If you are expecting a new baby, you’ve likely been busy decorating the nursery, Googling what to expect during labor and delivery, and shopping in the baby aisle of your favorite store. But have you prepared for feeding your baby?
Breastfeeding IS natural, but it takes some time to learn. The first weeks can be very challenging, and you’ll be at your highest risk to stop before you had planned. Luckily, there are things you can do before your baby arrives to make the early weeks of breastfeeding a whole lot less stressful and so much more enjoyable.
Surrounding yourself with people who support your decision to breastfeed can be very helpful during the first few weeks when you are still building your confidence.
If any friends or family members have breastfed, they can be a great source of guidance and information when you have questions.
Mother-to-mother support can be invaluable as there will be days you will need some encouragement! Research local mother-to-mother breastfeeding support groups and mom and baby groups in your area. There are also many breastfeeding support groups on Facebook. Online support groups are great during the lonely feeding hours in the middle of the night.
Caring for a new baby is a time consuming job! You will be breastfeeding for at least 10 hours a day. You (or your partner) will spend another hour and a half each day changing diapers. Those 2 duties alone total almost 12 hours! (And you haven’t yet had a shower, eaten or slept.) You will not have time to accomplish everything on your list; your most important job will be to breastfeed and take care of your baby.
Most new families get overwhelmed with company. The type of company you will need in the first few weeks are the ones that will help with tasks, allowing you and your partner to focus on the baby and on getting rest. Think about a family member or friend you could ask to help with housework, do some laundry, make a meal or walk your dog. Be sure to be specific about how you would like them to help.
Think about your baby’s environment right now. Your womb is at the perfect constant temperature. Your baby is continuously fed through the umbilical cord. Your baby feels secure and tightly enclosed.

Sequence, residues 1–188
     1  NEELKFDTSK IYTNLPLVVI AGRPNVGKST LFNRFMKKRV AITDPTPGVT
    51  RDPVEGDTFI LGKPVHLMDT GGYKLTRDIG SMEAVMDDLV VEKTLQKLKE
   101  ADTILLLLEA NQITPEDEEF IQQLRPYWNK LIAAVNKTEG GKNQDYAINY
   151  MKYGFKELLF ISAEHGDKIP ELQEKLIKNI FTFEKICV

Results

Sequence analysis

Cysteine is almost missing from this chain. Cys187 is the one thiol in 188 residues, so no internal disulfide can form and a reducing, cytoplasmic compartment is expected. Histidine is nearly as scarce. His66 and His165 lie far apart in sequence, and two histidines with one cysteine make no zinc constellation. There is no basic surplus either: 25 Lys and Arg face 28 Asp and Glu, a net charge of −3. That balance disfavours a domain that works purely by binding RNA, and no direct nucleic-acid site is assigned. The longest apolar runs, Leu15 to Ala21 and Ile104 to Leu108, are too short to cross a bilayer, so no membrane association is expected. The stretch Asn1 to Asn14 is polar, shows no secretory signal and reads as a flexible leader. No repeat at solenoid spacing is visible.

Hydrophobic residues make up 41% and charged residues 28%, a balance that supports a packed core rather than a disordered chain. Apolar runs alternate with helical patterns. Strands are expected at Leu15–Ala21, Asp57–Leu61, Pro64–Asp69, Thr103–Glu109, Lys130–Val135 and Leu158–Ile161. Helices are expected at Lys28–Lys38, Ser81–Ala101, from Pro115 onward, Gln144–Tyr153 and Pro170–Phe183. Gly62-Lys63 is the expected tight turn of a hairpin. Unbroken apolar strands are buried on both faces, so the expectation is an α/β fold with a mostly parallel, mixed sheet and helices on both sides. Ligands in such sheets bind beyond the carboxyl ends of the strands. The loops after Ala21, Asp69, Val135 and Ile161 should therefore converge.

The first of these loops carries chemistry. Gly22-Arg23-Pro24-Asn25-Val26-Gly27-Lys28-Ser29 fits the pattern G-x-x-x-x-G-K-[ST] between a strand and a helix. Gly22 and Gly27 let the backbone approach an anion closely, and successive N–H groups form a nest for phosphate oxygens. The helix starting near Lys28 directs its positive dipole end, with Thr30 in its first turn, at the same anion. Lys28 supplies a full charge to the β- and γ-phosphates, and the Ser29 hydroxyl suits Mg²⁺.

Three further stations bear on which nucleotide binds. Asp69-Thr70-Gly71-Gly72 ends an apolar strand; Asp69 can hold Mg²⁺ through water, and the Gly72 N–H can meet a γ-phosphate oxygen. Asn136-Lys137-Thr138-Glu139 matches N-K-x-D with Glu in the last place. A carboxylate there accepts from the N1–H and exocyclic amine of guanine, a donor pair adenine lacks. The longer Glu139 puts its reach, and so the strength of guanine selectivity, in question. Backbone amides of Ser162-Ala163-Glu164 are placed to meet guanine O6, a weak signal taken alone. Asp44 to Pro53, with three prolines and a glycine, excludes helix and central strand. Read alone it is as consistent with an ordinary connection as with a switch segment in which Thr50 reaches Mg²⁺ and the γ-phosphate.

Now, imagine how your baby will feel at birth. He will be suddenly removed from this safe secure place. The lights are bright. There are loud noises. Your baby will experience cold and hunger for the very first time.
This is why skin-to-skin snuggling is important.
Your bare chest is the warm, secure place where baby can return to the sound of your heartbeat. If your baby is cold, your body automatically warms up. If your baby is too warm, your body cools down. This keeps your baby at the perfect temperature!
This may sound warm and fuzzy, but there is actual research behind the idea of skin to skin. The World Health Organization, the Canadian Paediatric Society and the American Academy of Pediatrics all recommend that babies be placed on your chest immediately after birth and left there for at least one hour, uninterrupted.
Talk to your healthcare provider about this research and add it to your birth plan.
The process of breastfeeding goes through some huge changes in the first three days after birth. Knowing what is normal can help you to feel more confident.
Immediately following birth, babies have a quiet, alert stage. They will be awake and be interested in feeding.
After this alert period, they go into a deep recovery sleep, generally lasting about 24 hours. Your baby may need gentle reminders to feed during this sleepy time. Try unwrapping or undressing, changing the diaper, or gently stroking baby’s face and back.
When babies reach 24 hours of age, everything changes. They are suddenly more awake and want to feed very often. This can be a bit stressful. Baby wants to feed often and mom’s breasts are soft. Does this mean I don’t have enough milk? No. This frequent feeding is normal!
Your breasts may be soft, but they have colostrum. Colostrum is packed with nutrients and germ fighting properties. It is produced in small quantities, perfect for your baby’s small tummy size. Frequent feeding and skin-to-skin contact will signal your body to start making a larger volume of milk.
Around the third day after your birth, your breasts will start to get heavier. Your milk will begin to change from the golden color of colostrum to a white color. Your baby will continue to feed often - 10, 12, 14, 16 times or more in each 24 hours period. Feeding often and ‘on demand’ will help to ensure a happier baby.
Breastfeeding a newborn is a time consuming task! Many partners feel frustrated. They would like to give their partner a break, but they aren’t sure how to help. There are many ways partners can make breastfeeding easier. In fact, research shows that their support is key in ensuring breastfeeding success!
Two practical things your partner can do is to to take charge of the diapering and the burping. This will be a huge time saver for you, allowing a few minutes to grab a shower or a snack.
Probably the most important thing you and your partner can do right now is to learn some of the basics about breastfeeding and how to prepare prenatally. Many families tell us that knowing the importance of breastfeeding helped them to hang in when times were tough.
Breastfeeding may be challenging at the beginning, but if you prepare now, you will soon find it's the simplest way to feed your baby. Your milk will always be ready for baby at just the right temperature, giving you more time to simply cuddle and enjoy your newborn.
Best wishes for this exciting time in your life!